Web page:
The Berthoud family raises funds for an accessible playground

BERTHOUD, Colo. – In an empty field full of dirt and weeds, the Bowling family sees a possibility.

The field is just a few blocks from their home in the community of Berthoud’s Farmstead, and the Bowlings have a vision: a playground that will be accessible to everyone.

“I often talk about how lucky we are and all the great things. But there are also difficult things,” said Lauren Bowling. “We often have to fight to get things for Miles.”

Because even though Miles Bowling, in many ways, is like any other four-year-old, in other ways life isn’t that simple.

A tumultuous pregnancy

When the Bowlings decided to start their family, they learned it would be a struggle. With the help of IVF and five years of trying, Lauren and her husband Richard Bowling had their first boy, Braxton.

“After we had our first, we did IVF again. We were surprised it took the first try. We put an embryo in, and we were very shocked to find that an embryo separated with less than 1% chance”, says Laurent.

The splitting of the embryo meant the couple had twins. But the joy quickly took a turn when, at just 12 weeks pregnant, the Bowlings discovered their babies were sick.

“We were told the babies had a very, very slim chance of survival. But surprisingly, shockingly, week after week they were still alive and still alive and still alive,” Lauren said.

Lauren began living in Colorado Children’s Hospital at 20 weeks pregnant so she could be monitored around the clock.

At 28 weeks, her doctors determined that their babies had a better chance of surviving if she delivered by emergency cesarean section.

“Both twins were born without breathing and were resuscitated at birth, and at some point during this time Miles lost oxygen long enough that he suffered a traumatic brain injury, known as PVL” , Lauren said.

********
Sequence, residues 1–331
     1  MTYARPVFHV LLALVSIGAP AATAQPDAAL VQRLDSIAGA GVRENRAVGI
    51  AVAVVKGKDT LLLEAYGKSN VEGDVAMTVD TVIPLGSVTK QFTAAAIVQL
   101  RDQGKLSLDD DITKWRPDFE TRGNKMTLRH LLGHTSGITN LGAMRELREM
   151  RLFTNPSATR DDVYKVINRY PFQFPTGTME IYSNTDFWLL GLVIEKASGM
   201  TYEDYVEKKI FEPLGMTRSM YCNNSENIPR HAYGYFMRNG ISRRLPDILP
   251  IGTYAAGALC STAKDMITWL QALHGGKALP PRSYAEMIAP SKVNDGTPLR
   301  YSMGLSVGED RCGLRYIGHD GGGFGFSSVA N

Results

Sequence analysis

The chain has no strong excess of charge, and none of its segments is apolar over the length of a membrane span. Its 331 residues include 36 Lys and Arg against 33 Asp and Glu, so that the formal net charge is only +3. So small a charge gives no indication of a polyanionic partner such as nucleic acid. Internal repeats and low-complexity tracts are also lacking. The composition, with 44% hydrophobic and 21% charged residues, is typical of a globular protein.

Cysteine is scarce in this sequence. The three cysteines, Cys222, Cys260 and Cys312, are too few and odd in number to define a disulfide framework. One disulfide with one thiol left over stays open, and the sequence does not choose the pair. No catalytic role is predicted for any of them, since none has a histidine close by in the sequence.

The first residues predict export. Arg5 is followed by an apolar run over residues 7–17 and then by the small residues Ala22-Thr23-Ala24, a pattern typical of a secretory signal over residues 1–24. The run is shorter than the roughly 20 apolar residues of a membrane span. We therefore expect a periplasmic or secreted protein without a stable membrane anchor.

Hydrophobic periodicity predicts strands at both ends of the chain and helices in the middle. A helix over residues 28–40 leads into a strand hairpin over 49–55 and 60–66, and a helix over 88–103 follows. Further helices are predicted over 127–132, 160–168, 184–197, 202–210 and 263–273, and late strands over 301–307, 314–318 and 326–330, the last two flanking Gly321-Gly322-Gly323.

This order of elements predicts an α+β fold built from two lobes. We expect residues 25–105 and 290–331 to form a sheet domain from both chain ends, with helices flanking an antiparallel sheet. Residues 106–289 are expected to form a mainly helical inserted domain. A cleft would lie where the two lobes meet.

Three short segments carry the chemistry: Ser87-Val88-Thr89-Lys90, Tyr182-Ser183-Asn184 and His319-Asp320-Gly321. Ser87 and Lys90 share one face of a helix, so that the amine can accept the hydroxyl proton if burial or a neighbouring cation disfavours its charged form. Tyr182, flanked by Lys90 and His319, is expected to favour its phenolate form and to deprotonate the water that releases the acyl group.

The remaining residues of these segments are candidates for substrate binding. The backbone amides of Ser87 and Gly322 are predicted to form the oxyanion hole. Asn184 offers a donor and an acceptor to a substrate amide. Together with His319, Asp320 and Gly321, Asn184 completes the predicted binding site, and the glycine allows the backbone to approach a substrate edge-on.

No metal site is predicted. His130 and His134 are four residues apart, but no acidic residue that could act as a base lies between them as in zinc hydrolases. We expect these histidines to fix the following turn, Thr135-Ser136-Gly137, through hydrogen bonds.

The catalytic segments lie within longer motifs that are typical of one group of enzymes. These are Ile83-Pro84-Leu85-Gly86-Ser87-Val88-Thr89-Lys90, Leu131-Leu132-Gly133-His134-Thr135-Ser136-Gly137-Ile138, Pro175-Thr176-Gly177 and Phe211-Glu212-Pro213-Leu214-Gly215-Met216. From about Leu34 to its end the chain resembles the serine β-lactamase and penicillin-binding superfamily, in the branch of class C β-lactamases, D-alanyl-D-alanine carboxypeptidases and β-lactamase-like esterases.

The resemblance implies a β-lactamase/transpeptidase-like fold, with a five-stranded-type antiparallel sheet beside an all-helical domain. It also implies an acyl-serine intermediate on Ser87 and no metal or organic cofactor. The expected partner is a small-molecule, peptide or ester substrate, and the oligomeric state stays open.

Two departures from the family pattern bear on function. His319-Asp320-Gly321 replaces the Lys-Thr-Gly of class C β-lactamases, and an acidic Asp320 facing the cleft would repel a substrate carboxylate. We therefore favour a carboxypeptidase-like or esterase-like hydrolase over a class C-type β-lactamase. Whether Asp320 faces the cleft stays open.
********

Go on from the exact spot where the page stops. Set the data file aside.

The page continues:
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Miles Bowling, now 4, was born at 28 weeks.

PVL, or periventricular leukomalacia, led to cerebral palsy, which doctors told the Bowlings was a common occurrence in cases of PVL. Miles’ twin brother, Mack, was unaffected and he was able to develop as expected. Miles was not verbally or cognitively affected, but he requires a full-time wheelchair.

Building your life in Burgdorf

After the boys were born, Lauren and Richard decided to move from their triple level in Mead to a new community where the builder was willing to make special arrangements to ensure the house was accessible to Miles.

While the house was all they could dream of, the community lacked a place for the three Bowling alley boys to play.

“[Miles] really like to play on the playground like most kids do, and the playgrounds closest to us that are fully accessible – meaning a wheelchair has control over the whole surface and equipment up – are in Fort Collins, Westminster and Greeley,” Lawrence said.

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Miles and Mack Bowling love playing at their local parks.

All of these places are a 40-minute drive from the Bowling Alley, which gave birth to an idea.

The Farmstead community is still under construction, so Lauren contacted the developer, Will Edwards with Edwards Development, to see if there was a way to incorporate something that was accessible to ADA for Miles. Equipment for a playground in the community had already been purchased, but he was ready to look at what it would take to get a five-point harness swing.

Turns out the swing would cost $9,000. The developer said if the Bowlings could find half the money, it would cover the rest.